It’s about fifteen years since I first read Helmut Thielicke’s masterful work “A Little Exercise for Young Theologians” (first English publication was 1962). I have read it at least biannually ever since: it usually takes an afternoon to get through, followed by a week or two for recovery and application! His wisdom is at once simple and profound; his manner simultaneously pastoral and commanding. Thielicke was a churchly theologian who knew the power and responsibility of theological study. It is not something to be undertaken lightly — for it trains those who are called to serve the people of God; nor should it be worn too heavily — for its speech about God is contingent.
This time in reading it I have been struck by Thielicke’s remarks about prayer as the proper context for theological study. It’s not a new idea, and is certainly something we pursue at St Mellitus College. But there’s a freshness in the way Thielicke expresses himself:
“Faith must mean more to us than a mere commodity stored in the tin cans of reflection or bottled in the lecture notebook, whence at any time it my be reproduced by the brain."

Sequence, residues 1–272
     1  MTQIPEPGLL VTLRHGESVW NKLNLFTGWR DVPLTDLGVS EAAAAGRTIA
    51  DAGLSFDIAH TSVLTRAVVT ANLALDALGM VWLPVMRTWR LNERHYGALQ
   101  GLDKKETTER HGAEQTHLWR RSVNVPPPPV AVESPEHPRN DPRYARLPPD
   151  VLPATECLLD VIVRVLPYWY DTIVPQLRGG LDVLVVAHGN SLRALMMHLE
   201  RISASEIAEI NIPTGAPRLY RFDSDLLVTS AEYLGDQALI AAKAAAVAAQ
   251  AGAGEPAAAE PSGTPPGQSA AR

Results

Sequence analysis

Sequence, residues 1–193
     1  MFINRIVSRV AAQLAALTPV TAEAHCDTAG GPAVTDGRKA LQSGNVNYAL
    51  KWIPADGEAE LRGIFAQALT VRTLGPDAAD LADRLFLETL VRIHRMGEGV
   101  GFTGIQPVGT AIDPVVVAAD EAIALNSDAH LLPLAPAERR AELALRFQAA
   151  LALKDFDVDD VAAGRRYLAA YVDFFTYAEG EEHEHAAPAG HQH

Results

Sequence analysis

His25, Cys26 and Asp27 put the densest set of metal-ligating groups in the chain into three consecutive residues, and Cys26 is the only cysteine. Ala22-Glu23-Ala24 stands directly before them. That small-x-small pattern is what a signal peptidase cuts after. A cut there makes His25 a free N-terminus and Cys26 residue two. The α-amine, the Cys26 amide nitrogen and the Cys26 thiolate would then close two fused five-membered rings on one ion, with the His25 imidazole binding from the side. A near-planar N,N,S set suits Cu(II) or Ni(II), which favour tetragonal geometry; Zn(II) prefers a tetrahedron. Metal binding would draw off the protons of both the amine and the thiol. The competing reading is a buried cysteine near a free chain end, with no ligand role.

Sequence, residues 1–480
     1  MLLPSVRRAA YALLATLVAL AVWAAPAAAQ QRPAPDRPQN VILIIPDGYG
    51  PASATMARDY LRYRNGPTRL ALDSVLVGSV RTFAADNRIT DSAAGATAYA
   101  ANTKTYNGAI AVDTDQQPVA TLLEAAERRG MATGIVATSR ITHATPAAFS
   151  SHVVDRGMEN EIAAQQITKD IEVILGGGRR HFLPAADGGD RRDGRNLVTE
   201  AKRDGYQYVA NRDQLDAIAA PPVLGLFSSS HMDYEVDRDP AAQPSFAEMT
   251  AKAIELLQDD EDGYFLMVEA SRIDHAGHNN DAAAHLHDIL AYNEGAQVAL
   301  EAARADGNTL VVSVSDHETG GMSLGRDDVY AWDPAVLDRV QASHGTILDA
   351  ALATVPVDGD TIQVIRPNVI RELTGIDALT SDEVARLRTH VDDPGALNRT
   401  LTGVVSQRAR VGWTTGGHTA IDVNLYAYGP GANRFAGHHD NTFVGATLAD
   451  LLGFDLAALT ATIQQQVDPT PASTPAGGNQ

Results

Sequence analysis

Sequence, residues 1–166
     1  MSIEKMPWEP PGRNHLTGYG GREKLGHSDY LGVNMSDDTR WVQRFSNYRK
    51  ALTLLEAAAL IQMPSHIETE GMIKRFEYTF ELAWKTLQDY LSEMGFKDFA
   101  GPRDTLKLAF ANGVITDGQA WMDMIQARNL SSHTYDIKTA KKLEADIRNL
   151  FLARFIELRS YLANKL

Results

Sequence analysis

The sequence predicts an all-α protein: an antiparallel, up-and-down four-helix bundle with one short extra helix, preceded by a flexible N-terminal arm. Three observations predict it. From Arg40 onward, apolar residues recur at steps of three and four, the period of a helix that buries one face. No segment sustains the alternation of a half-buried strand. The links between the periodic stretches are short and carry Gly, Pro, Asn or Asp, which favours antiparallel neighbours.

His objection, which I share, is to the static and archival trap of some kinds of theolgical study, where what was once the lively focus of our Christian faith and life becomes confined by our concepts, entrapped by our langauge, and thus deadened. Such theology comes about because it ceases to happen in the second person address of the prayerful Christian, but solely takes the form of third person observations about God. God becomes the object of our theologizing, rather than, as Karl Barth would have it, the proper Subjective ground of our thinking and speaking — the basis on which we theologize. For the latter to be true the spiritual life — in particular, the prayer life — of the theologian is all important. As Thielicke puts it here, “essentially dogmatic theology is theology which is prayed.” The prayer-connection between individuals and God is the substance of the relationship which encourages theologians to speak truly of God, Father Son and Holy Spirit, and not of someone else, for such is the essence of theology. Theologians speak of God, the true and living God, as we are permitted and enabled to do so. But first, Thielicke would say, we must speak to God.